Stadium Naming Rights – The Last Resource: AGH Worldwide comment at the latest commercial trend in English sport

February 23, 2010 (PRLEAP.COM) Business News
February 23, 2010 - Stadium naming rights deals are becoming part of the fabric of British sport as clubs look to monetise a large capital asset. In a survey undertaken by AGH Worldwide, Chelsea, Liverpool and Tottenham have all confirmed their naming rights are for sale at significantly more than Arsenal currently receive. Newcastle United have also loaned out the naming rights to Mike Ashley's online store as an indicator to future sponsors.

Clubs are pursuing naming rights deals in order to commercialise one of their largest assets. Following the success of Emirates' association with Arsenal this once maligned source of club revenue is growing more attractive. With the Premier League broadcast in over 200 territories and to over 600 million homes and an aggregate reach of 4.77bn there are clear benefits to potential partners.

Joining the club in a naming rights deal the brand becomes one of the most important partners of the club and gains greater access to fans and also a greater involvement with the club. Implementing an activation plan with the club will be the difference between a successful rebranding of the stadium and a ground that is the sponsor's by name alone. For naming rights deals in the UK it is vital to appreciate the power and importance of the fans as it is they who will decide how successful the deal is.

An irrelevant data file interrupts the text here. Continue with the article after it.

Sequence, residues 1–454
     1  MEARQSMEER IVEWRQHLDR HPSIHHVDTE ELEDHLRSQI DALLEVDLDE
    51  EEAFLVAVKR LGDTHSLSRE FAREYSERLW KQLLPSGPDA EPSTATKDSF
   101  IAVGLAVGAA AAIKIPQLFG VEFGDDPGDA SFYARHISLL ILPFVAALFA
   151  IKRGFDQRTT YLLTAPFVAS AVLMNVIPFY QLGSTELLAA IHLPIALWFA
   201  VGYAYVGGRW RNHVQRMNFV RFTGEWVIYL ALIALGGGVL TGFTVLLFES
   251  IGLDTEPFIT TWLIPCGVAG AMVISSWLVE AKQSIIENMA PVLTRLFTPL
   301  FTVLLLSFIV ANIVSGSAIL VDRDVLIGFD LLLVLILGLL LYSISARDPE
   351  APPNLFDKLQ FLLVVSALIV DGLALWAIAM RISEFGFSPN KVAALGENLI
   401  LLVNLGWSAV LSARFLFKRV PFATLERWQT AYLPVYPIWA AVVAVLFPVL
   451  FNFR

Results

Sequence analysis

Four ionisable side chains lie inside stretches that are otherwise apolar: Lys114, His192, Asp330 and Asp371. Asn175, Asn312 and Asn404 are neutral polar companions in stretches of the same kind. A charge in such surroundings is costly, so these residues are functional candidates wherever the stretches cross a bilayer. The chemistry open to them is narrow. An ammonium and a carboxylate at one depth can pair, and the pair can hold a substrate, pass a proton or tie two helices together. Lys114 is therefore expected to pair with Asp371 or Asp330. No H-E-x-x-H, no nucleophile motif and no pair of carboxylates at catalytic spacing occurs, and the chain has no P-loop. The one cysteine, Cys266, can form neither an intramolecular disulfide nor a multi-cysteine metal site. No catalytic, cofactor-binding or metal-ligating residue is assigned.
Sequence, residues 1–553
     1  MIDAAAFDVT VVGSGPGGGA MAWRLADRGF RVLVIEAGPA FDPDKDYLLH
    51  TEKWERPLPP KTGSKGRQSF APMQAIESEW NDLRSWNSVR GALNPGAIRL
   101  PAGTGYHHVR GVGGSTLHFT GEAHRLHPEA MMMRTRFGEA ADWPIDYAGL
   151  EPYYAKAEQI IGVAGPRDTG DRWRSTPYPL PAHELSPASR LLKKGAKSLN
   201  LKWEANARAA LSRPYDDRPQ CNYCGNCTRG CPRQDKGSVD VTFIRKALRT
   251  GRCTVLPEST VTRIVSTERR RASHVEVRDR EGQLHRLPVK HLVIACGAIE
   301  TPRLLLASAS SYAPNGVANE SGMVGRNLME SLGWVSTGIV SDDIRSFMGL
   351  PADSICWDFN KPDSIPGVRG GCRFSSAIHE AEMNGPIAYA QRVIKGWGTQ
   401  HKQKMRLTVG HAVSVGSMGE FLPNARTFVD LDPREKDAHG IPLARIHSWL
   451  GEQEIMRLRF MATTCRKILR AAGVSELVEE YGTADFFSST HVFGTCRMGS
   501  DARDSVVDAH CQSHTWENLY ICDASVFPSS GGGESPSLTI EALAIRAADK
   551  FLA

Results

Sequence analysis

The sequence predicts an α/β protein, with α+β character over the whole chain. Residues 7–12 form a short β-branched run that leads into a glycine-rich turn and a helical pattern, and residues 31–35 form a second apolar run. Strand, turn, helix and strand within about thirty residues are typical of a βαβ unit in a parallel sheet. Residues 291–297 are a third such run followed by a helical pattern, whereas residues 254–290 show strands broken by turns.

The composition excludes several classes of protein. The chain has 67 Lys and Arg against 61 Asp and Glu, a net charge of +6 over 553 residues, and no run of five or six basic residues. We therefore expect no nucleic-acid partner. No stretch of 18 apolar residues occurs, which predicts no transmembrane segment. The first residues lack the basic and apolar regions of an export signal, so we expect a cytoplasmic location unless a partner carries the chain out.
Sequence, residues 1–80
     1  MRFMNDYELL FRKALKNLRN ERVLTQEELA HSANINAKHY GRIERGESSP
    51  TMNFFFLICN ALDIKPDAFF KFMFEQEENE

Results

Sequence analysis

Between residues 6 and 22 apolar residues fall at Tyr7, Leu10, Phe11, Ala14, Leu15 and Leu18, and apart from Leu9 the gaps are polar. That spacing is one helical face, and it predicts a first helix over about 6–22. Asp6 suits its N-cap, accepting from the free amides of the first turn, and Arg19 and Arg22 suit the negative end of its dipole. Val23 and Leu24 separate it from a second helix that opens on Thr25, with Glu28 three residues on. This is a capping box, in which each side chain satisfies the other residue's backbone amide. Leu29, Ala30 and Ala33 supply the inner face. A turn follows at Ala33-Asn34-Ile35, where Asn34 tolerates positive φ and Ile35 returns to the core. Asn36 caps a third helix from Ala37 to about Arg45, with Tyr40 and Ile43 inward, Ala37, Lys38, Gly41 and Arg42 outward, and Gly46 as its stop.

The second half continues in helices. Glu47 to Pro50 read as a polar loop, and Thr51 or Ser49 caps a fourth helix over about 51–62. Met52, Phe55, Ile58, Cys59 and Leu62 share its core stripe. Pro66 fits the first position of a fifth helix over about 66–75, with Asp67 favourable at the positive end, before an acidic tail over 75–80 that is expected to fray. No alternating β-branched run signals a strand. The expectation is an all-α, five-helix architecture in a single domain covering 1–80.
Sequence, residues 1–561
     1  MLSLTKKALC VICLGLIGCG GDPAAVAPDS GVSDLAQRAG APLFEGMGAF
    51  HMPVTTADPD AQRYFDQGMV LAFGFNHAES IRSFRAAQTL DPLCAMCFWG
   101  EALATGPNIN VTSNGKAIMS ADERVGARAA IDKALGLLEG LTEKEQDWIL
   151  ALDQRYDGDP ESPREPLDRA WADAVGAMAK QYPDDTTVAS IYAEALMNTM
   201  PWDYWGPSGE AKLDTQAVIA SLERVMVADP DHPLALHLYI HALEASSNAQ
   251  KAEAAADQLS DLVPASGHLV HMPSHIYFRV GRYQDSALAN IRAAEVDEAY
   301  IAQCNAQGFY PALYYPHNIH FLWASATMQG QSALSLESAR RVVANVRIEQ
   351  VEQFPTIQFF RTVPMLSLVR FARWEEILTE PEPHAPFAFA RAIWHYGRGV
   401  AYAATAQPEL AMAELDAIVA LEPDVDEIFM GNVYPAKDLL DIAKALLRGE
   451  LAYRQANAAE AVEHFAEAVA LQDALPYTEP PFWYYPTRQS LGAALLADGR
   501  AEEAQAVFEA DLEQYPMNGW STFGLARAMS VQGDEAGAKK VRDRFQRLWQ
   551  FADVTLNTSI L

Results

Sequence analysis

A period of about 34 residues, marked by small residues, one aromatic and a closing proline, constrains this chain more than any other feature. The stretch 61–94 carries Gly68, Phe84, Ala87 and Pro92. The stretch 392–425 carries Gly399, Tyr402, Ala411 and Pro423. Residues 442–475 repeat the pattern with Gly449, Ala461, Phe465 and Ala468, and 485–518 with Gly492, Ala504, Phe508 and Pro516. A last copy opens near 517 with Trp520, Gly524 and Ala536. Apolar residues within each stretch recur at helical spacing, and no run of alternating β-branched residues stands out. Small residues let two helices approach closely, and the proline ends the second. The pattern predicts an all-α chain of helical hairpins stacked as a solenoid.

In America where only the Yankees have avoided a naming rights deal on their stadium the transient nature of franchises ensures that there is not the same level of loyalty and fanaticism that there is in the UK for brands to overcome. The best way to gain the support of the fans is to provide them with a better matchday experience. Whether this is based on improved results on the pitch or a bigger, better stadium the naming rights partner must become directly associated and responsible for this improvement.

The success of the Emirates deal with Arsenal Football Club can be attributed to the contribution made by the Dubai airline in the completion of the stadium. Without their significant upfront investment in the deal it is unlikely Arsenal would have received such favourable financing. This positive contribution helped endear them to the fans. This is far easier on a new build stadium compared with renaming an existing ground. For a club like Newcastle United the fans will be hard to win over and the only way for this to happen is if the new partner becomes responsible for the success of the club.

Stadium naming rights can be a valuable source of income for football clubs and provided the fans interests are at heart can lead to a very successful partnership. If, however, fans are railroaded into accepting a new name without seeing any benefits, the brand and the club will both suffer in the long run.